Why isn't this what it literally looks to be "would you like to leave with me"? Here a figurative translation is expected yet in other places in Duo you can be penalized for not translating literally. Ugh.


That's not the literal. Sortir is 'to go out' not 'to leave with'. to leave is 'partir' So Do you want to leave with me would be Voulez-vous partir avec moi. And Voulez vous is not would you like but do you want. The conditional form is what you would use if you wanted to to say would you like.


Sometimes things are idiomatic, sometimes things are not. this is the case with every language across every learning platform and resource for every language and with every teacher.

It is part of learning language.

Use your context, use your knowledge of both languages. You're in a section on flirting. is 'do you want to leave with me" really the best, most fitting version of that translation or would some other way of translating make more sense in English?
Translate the meaning and the feeling as well, not just the words.


Your points are taken. This was a while ago, so I can't be sure exactly what I was thinking, but I can imagine I may have been thinking about a club scenario; (i.e., flirting situation) and asking to "leave with someone" seems appropriate, to me, in that context, since those two people are already out together. If the event took place in a library, then "go out with" would probably make more sense. I guess where we lack context, some leniency in translation would be nice, especially where context would change the meaning.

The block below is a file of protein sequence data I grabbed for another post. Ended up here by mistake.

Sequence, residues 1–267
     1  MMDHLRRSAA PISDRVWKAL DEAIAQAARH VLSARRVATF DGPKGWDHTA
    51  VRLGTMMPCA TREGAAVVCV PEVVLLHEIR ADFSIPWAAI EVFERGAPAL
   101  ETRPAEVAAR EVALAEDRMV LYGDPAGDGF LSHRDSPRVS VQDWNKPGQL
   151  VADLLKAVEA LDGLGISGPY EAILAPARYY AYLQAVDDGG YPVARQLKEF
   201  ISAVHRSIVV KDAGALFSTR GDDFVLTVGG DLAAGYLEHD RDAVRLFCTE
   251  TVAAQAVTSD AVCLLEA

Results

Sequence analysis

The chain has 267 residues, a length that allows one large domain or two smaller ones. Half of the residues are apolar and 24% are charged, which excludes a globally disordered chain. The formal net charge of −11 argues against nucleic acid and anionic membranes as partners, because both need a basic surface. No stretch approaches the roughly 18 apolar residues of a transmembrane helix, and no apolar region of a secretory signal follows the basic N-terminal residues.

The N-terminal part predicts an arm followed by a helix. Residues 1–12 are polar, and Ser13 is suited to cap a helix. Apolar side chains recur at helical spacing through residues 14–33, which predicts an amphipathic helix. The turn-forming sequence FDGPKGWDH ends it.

Take care.


I thought would you like to go out with me is the same? It didnt accept it.


What is ''voulez'' means


Vous form of vouloir, to want


Sortir is literally to "go out" and/or "exit"


I put 'Would you like to go with me?' and it said it was wrong...but that is a translation, because 'sortir' is 'go'. Why did I get it wrong?


"Aller" is "to go". "Sortir" is to go out, or exit.


Because it is the present tense ' do you want' not the conditional.


It's important to translate the feeling not just the words. Go out like on a date, not like just go go. Y'know?


The way I heard the female voice tone pronounce this, made me laugh out loud for a good 2 minutes.


there is no sound on this section


Check your audio settings, sound worked for me. I've seen some find their sound had been turned off.


Not with that voice...


Can this mean either "leave / go outside with me", as well as "date me"?


That's what I typed.


To the tune of lady marmalade

Voulez couchez avec moi ce soir!?


why isnt no an answer


Because you aren't being asked to answer the question but to translate it.


What's wrong with "do you like to go out with me"?


It's not a phrase an English speaker would use, and voulez does not mean 'like', it means 'want'. If you wanted to say 'Would you like to go out with me?' You might use Voudriez-vous sortir avec moi which comes from the same root (vouloir) but is used for 'would want' or 'like' (the conditional form)


If I ask for a date, I would ask "to go out". If I've picked a girl already (in a bar, for example), I would ask "to go with me" without "out"


Here is the actual translation. " Would you go out with me? " I Googled the phrase


Hyphen between voulez and vous? I've tried both, and both are accepted. In school, years ago, in was taught the hyphen, but has it changed?


I'm noticing quite a few Canadians in the comments discussing national nuances. Anyone have good links/sources to really dive into québécoise after completing Duo?


I typed it exactly but still said it was wrong


I typed the right thing but it diddnt accept it


Why is it voulez-vous?